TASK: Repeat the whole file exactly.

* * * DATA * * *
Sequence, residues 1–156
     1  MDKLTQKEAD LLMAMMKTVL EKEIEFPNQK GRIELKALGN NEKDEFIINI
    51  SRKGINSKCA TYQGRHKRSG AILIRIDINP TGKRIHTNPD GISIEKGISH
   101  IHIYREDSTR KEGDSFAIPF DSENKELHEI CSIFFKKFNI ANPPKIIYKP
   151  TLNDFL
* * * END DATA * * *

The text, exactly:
Sequence, residues 1–156
     1  MDKLTQKEAD LLMAMMKTVL EKEIEFPNQK GRIELKALGN NEKDEFIINI
    51  SRKGINSKCA TYQGRHKRSG AILIRIDINP TGKRIHTNPD GISIEKGISH
   101  IHIYREDSTR KEGDSFAIPF DSENKELHEI CSIFFKKFNI ANPPKIIYKP
   151  TLNDFL